As diplomats gather in London to seek a solution to Somalia’s crisis, a Somali hip-hop group is daringly rapping their opposition to al Shabaab. Unlike the conference attendees, their message is in Somali for Somalis by Somalis.
The morning after al Qaeda and al Shabaab issued their latest merger declaration, experts across the world were puzzling over what to make of the news that wasn’t really new. But in a teeming, Somali immigrant district of Nairobi, one of the world’s best-loved and most-detested Somali hip-hop stars was taking the news very seriously.
“This is bad news. This is bad news for Somalis. This is bad news for Somalia,” said Shine Ali, founder of Waayaha Cusub, a Somali hip-hop group, as he lowered the rim of his black hoodie over his forehead.
Sitting in the gaily painted Waayaha Cusub studio-cum-store-cum-hangout in Eastleigh, a hardscrabble district of the Kenyan capital also known as “Little Mogadishu” Ali however was trying to play it cool – as a rap star would – while band members, groupies and sundry clients crowded the tiny storefront.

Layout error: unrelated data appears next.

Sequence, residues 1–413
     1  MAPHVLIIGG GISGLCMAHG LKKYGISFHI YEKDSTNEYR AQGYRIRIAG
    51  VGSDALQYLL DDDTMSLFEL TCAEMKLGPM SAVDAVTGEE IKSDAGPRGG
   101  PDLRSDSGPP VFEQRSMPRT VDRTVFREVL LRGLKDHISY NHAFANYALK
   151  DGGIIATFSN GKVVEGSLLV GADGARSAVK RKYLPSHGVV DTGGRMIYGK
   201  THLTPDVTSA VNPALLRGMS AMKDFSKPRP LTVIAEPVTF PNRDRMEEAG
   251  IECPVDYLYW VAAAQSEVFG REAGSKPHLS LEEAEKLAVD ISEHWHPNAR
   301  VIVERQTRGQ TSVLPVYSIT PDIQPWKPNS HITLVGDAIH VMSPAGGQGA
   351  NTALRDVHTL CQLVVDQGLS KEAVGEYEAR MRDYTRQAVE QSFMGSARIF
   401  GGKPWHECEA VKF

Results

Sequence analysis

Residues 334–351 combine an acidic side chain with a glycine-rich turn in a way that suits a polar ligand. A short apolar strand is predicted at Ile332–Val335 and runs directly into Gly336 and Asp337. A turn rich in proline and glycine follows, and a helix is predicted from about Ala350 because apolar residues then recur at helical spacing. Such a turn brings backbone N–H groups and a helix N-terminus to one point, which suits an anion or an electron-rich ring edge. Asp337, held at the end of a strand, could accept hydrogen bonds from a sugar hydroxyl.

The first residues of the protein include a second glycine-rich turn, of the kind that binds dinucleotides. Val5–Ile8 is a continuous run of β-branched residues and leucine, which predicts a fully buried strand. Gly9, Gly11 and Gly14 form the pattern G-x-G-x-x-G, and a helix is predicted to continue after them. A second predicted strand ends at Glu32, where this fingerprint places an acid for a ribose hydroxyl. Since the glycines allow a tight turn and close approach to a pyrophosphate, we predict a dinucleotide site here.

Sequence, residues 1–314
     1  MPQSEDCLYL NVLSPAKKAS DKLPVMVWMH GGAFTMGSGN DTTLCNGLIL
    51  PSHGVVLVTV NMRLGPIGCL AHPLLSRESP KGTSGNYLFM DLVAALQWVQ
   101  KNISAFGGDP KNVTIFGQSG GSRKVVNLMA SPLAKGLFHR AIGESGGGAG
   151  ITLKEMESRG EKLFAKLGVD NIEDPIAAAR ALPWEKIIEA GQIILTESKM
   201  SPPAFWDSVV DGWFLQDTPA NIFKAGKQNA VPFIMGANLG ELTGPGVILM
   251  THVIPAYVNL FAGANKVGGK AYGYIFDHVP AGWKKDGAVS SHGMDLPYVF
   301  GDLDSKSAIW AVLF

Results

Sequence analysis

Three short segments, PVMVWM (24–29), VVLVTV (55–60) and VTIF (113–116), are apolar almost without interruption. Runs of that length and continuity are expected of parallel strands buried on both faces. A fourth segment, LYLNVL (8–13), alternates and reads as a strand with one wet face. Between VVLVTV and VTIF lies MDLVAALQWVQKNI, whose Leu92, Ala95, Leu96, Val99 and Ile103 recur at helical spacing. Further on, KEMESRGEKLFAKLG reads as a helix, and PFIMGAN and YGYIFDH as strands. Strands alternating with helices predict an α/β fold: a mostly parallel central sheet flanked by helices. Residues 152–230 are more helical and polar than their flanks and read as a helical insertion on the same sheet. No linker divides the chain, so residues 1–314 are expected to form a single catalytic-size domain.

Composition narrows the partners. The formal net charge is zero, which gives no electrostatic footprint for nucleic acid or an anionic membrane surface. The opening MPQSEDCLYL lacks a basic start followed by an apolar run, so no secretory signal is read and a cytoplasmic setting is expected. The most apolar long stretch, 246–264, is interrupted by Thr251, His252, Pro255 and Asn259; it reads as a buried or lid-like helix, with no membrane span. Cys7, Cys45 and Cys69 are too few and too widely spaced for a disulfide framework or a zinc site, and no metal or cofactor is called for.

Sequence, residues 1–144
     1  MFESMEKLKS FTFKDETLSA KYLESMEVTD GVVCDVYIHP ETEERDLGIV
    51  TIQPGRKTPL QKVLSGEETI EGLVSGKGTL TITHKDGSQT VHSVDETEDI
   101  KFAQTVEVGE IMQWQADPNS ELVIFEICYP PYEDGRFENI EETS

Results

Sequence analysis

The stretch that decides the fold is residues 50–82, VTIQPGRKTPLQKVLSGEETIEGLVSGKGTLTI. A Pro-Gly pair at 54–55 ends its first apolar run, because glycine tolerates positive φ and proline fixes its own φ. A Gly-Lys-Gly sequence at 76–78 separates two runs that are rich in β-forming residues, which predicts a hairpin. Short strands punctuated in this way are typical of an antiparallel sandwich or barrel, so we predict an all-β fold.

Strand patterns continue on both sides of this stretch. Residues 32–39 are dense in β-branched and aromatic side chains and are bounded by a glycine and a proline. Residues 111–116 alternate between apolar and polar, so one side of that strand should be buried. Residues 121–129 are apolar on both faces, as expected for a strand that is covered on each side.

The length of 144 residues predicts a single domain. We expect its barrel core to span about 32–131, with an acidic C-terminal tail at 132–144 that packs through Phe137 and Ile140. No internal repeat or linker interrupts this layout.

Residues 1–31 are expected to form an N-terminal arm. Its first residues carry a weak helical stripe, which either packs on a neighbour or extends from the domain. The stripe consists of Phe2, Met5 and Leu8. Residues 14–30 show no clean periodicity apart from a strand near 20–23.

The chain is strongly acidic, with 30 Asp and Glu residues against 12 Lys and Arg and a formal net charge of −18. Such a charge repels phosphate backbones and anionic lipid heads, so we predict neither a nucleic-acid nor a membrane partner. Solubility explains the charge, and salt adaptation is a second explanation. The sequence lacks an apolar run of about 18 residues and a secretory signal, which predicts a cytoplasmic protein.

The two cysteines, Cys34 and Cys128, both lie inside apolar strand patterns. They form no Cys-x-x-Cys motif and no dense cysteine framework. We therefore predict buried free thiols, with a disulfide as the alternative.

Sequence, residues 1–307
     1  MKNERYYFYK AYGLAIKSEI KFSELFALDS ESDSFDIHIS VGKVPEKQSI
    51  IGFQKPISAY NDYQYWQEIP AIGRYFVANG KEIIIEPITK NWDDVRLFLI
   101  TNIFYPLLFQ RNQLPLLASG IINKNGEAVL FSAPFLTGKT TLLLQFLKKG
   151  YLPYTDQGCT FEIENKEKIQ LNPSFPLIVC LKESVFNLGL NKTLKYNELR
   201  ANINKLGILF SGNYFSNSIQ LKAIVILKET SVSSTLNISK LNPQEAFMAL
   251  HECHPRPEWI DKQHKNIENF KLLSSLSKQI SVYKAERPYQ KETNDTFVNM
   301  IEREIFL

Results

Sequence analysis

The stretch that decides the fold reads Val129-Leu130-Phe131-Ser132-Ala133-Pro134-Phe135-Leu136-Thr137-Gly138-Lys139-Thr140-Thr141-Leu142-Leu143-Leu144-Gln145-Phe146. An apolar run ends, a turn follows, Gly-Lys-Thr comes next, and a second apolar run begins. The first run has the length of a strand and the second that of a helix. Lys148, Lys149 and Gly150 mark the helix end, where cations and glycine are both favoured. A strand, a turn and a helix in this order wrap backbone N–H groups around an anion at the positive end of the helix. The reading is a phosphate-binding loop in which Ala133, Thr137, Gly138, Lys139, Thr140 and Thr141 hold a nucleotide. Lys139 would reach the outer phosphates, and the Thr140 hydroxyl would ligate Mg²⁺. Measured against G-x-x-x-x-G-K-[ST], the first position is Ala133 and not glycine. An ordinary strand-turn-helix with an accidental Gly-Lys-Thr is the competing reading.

Across the block, on Eastleigh’s pothole-riddled First Avenue, the midday azan – or Muslim call to prayer – wafted above the car honks and hawkers’ pleas. Seconds later, another mosque down a dusty, congested side street took up the cry a micro-beat behind its competitor. Soon, a chorus of chants soared majestically over the noisy neighbourhood, as workers pushed handcarts improbably piled with merchandise and women in a variety of burqas in shades ranging from lavender, white and pink to sombre blacks and browns.
Just the previous night, on Feb. 9, Eastleigh’s residents heard of a new message from al Qaeda’s media-hungry new chief, Ayman al-Zawahiri. In a videotaped statement released on a jihadist site, Zawahiri announced the “glad tidings” that the Somali militant group al Shabaab had formally joined al Qaeda.
News not really new
But the tidings were really not new. The two groups have already publicly declared their allegiance in the past. In the absence of novelty, experts were scrambling to spin the story as a “new formal declaration” or as evidence of a weakened al Qaeda’s desperate attempts to project influence.
The discourse will undoubtedly be repeated in London on Thursday, when the British Foreign Office hosts a special Somalia conference to try to find a solution to the Horn of Africa nation’s endemic political problems and to tackle Islamist extremism.
But Eastleigh is a world away from the conferences and high-level meetings in Europe.